Mortal Kombat 4 is the fifth and final arcade game in the Mortal Kombat series of fighting video games. It was later ported to the PlayStation and Nintendo 64. An updated version titled Mortal Kombat Gold was released a year later exclusively for the Sega Dreamcast. It is one of the few 3D fighting games to have been described as having "2D gameplay."
As revealed in later interviews, programmer Ed Boon was particularly concerned with maintaining the gameplay feel of a 2D game but with 3D graphics. He at first was worried that there was some intrinsic property of 3D graphics that would make this impossible. Essentially, the major gameplay difference between 2D and 3D fighting games of the time, was that up to that point all 3D fighting games had attempted to somewhat simulate realistic martial arts. One of the reasons this was done was to take advantage of the fluid keyframed and motion captured animation that was now possible using 3D models. For example, in Virtua Fighter, a real martial artist was filmed performing the moves, and this movement was imposed on the 3D model in the game. Thus, while a punch in a 2D game might be a rapidly responding move with two frames of animation, a punch in a 3D game might have a delay between when the button was pressed and when the opponent was hit, owing to the realistic animation.
This delay however fundamentally changed the gameplay experience. Boon eventually decided to use the non realistic 2D rates of animation and movement, simply imposed onto 3D graphics. Thus the gameplay experience is nearly identical to the 2D versions of Mortal Kombat. While this was attempted before with the Street Fighter EX series, that series used more complex animation which did change the gameplay somewhat. Some critics however, were disappointed that Mortal Kombat 4 did not play like other popular 3D games of the time.
MK4 also included the following hidden characters:
Quan Chi poses as the final boss when Shinnok is used by the player. Also, Shinnok appears as both the boss and sub-boss character when playing as Goro.
Thousands of years ago, during a war with the corrupt Elder God known as Shinnok, Raiden was responsible for the death of an entire civilization. To avoid a repeat of this event, as well as to protect all realms from Shinnok's threat, Raiden waged a brutal campaign and, at a heavy price, exiled his rival to a dark place known as the Netherealm. A couple of years before the Shaolin tournament, the original Sub-Zero assisted the necromancer Quan Chi in obtaining Shinnok's amulet, the source of Shinnok's power to traverse the realms (as recounted in Mortal Kombat Mythologies: Sub-Zero). Now, after Shao Kahn's failed attempt to seize Earthrealm, Quan Chi has allied himself with Shinnok and helped the god escape from his confines. With the help of an Edenian traitor, they enter the Heavens and kill most of the gods, but Fujin and Raiden escape and gather Earthrealm's finest warriors to fight them. The Raiden-Shinnok feud had burst open once again, but this time the battle could be won by mortals.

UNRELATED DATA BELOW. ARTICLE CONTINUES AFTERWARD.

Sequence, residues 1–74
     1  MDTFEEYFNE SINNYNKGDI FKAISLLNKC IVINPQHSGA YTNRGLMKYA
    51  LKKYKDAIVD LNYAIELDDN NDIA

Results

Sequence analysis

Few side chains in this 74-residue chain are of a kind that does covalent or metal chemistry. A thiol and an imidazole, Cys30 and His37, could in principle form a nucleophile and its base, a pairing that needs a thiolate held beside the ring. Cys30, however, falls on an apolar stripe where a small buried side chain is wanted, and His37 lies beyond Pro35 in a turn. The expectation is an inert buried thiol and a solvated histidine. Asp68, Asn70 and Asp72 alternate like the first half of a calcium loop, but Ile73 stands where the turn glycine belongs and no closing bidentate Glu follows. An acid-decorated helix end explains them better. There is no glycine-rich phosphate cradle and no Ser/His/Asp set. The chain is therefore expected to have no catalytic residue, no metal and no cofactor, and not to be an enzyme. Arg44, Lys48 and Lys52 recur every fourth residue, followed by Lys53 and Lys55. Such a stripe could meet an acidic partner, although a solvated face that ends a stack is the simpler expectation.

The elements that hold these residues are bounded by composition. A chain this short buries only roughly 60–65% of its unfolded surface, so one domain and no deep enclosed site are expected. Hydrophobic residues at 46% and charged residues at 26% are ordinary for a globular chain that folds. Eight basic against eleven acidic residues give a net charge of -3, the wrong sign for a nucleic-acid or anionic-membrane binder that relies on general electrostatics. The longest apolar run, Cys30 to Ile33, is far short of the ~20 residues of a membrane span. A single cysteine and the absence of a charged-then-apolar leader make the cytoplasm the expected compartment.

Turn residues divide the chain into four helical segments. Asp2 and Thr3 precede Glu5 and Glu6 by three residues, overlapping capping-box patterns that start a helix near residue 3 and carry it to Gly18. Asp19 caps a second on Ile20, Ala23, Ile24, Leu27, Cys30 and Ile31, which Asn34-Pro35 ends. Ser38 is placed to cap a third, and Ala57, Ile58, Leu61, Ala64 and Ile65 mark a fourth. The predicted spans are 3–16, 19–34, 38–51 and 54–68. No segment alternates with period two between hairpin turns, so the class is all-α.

The Dreamcast version, titled Mortal Kombat Gold, was released on September 9, 1999 as a launch title for the console in North America. The game retains the character roster from the previous versions of Mortal Kombat 4, along with six additional characters from previous Mortal Kombat games. These additional characters were Kitana, Mileena, Cyrax, Kung Lao, Baraka, and one secret character, Sektor. Gold also includes new levels not seen in Mortal Kombat 4 and a new weapon select mechanism.
A new character named Belokk was intended to appear in the game, but was cut from the released game. The developer of the game, Eurocom, sent information about the game with Belokk in it to Game Informer, and as a result, six screenshots of him were published. According to Ed Boon, Belokk was cut due to time constraints during development.
Mortal Kombat Gold did not receive high marks for visual quality even though its character models for the fighters themselves were of higher quality than those seen in the home console ports of MK4. Game Revolution commented, "The graphics are inexcusably horrible [and] it's quite a depressing let-down on Sega's 128-bit masterpiece, especially when compared to Soul Calibur." The weapons that characters can use during the game are "dull and uninteresting," often have little relation to the characters, and are "either a sword, axe, or club."
IGN had similar bad reviews about Mortal Kombat Gold, particularly regarding the poor weaponry: "[R]eadying your weapon is a slow process in which one can be hit any number of times during the attempt." Although they commented on the improvements from previous Mortal Kombat games, the lack of depth was considered somewhat inexcusable. In other ways, due to loading times (even during battles, particularly in the case of Shinnok's impersonations) and glitch-laden effects, its quality was actually poorer.
A second revision of the game, known as version 2.0, was released about a month after the initial release intending to address some of the major issues in it. This version fixed the most severe bugs and glitches in the game and added VMU support, which allowed saving to work properly. The revision is identifiable by a red tinted disc, as opposed to the original's gold tint, and a green sticker saying "Hot! New!" placed on the instruction manual cover.